I heard and my heart pounded, my lips quivered at the sound; decay crept into my bones, and my legs trembled. Yet I will wait patiently for the day of calamity to come on the nation invading us. Though the fig tree does not bud and there are no grapes on the vines, though the olive crop fails and the fields produce no food, though there are no sheep in the pen and no cattle in the stalls, yet will I rejoice in the Lord, I will be joyful in God my Savior. The Sovereign Lord is my strength; he makes my feet like the deer, he enables me to go on to the heights.

All of chapter 3 is Habakkuk’s prayer to God, remembering and acknowledging the indescribable power of God as in times past. And thinking of what lay ahead, not only for the Israelites but for the Babylonians as well, Habakkuk was shaken. He doesn’t like what he hears, the answer he has received to his questions. In response to God unleashing His power in times past, Habakkuk was physically shaken. His “heart pounded” in his chest and his “lips quivered” in fear, while he became so weak that his legs trembled, making it difficult stand and move (v. 16). Moreover, Habakkuk would wait for calamity to engulf the invading Babylonians, for suffering and hardship to sweep over them.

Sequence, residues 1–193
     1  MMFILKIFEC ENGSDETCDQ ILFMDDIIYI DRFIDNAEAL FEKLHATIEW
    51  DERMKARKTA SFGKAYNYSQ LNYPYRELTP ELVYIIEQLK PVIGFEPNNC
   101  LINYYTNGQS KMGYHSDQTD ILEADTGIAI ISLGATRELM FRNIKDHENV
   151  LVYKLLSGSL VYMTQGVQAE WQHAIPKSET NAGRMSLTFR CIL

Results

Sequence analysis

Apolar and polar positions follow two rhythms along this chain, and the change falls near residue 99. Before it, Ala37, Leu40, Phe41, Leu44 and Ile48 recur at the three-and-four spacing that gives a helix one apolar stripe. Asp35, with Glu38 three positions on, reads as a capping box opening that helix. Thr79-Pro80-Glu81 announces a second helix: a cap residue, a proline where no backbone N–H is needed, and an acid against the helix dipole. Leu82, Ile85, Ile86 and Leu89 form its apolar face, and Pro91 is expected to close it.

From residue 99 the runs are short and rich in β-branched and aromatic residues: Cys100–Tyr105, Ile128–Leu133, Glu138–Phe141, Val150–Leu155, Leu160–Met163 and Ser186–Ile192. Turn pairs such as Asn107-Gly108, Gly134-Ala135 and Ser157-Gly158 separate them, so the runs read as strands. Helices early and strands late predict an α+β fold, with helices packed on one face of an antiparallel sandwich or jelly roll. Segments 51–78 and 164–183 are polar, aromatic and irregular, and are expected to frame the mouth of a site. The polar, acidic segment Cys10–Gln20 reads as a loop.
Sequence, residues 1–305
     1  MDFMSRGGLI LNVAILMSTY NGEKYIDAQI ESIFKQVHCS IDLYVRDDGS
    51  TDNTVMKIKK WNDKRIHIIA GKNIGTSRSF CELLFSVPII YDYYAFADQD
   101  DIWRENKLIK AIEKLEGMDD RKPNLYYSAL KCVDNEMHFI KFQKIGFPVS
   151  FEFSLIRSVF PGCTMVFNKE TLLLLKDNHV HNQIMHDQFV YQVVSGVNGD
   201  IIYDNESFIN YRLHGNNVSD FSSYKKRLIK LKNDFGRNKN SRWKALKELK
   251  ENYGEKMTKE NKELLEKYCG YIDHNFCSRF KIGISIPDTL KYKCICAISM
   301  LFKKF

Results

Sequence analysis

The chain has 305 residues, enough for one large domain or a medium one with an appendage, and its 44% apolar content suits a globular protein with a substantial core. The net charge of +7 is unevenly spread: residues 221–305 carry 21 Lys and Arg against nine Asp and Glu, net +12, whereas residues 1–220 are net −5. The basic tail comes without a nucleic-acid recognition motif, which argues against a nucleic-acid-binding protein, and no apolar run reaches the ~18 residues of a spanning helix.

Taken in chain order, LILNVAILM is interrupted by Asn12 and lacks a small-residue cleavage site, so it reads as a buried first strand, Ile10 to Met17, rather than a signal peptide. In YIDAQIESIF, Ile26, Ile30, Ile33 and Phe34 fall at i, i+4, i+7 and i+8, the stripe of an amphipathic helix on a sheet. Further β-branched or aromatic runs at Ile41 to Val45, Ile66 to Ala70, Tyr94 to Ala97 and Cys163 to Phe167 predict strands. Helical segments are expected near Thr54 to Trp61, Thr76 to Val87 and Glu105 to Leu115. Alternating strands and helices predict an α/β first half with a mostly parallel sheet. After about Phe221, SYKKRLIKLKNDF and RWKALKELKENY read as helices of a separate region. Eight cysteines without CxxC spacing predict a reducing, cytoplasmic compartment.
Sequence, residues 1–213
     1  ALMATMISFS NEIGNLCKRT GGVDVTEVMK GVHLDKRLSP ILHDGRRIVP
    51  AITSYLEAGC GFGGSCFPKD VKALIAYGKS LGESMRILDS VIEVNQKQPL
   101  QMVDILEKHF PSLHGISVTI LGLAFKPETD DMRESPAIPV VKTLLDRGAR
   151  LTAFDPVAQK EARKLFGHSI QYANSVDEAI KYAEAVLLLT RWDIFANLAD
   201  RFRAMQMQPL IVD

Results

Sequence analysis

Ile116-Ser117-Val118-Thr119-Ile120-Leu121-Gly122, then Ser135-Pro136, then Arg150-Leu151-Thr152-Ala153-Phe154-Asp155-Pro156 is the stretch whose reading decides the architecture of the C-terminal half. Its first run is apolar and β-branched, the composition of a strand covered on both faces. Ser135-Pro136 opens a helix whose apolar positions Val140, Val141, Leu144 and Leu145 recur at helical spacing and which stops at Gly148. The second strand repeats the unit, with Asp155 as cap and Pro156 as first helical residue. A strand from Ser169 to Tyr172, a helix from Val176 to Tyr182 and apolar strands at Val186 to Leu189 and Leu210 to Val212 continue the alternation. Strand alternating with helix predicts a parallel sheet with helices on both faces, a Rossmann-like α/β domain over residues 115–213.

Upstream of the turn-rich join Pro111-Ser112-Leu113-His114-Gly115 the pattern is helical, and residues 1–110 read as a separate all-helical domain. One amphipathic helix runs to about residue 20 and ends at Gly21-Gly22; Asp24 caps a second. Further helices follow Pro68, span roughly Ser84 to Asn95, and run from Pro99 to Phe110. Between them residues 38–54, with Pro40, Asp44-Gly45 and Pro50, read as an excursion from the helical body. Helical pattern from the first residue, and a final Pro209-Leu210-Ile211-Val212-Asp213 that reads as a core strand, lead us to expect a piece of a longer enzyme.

And there was more. In all the ways that Israel was strong, they were suddenly weak. The agricultural and economic health of Israel was unexpectedly gone. There were no figs on the trees, grapes on the vines, and a complete crop failure when it came to olives. And to make matters worse, there were no sheep or cattle to be found! The food chain and economic engine of Israel was abruptly gone. This was a harsh, hard reality for Habakkuk. Yet, Habakkuk was able to make decision; an intentional, a deliberate decision. Without the evidence of God’s material provision and protection, Habakkuk chose to rejoice in the Lord, to be joyful in God for the Lord was his strength. Despite how bleak life looked, Habakkuk chose to rejoice in God. He would be victorious and not a victim.

Push Pause

We need to pause briefly in the conversation between Habakkuk and God and see some similarities with life today. America and much of the world has been invaded by COVID-19. Massive losses are real; from the passing away of people, to the loss of jobs, and much more. As COVID-19 spreads across the country, so also does fear, panic AND grief. A tsunami of sadness drowns people in despair. Like Habakkuk, we ask “WHY” this is happening and “HOW LONG” until it is over. And after asking the hard questions, we don’t like the harsh answers and observations we see, such as the increasing numbers of people testing positive with COVID-19 and the rising number of people who have died of this virus. We do not like empty parking lots and idle businesses. We do not like canceled commencements and closed churches. As in the day of Habakkuk when the olive crop failed and sheep and cattle were nowhere to be found, we find ourselves shaken to the very core. Our dancing has turned into mourning.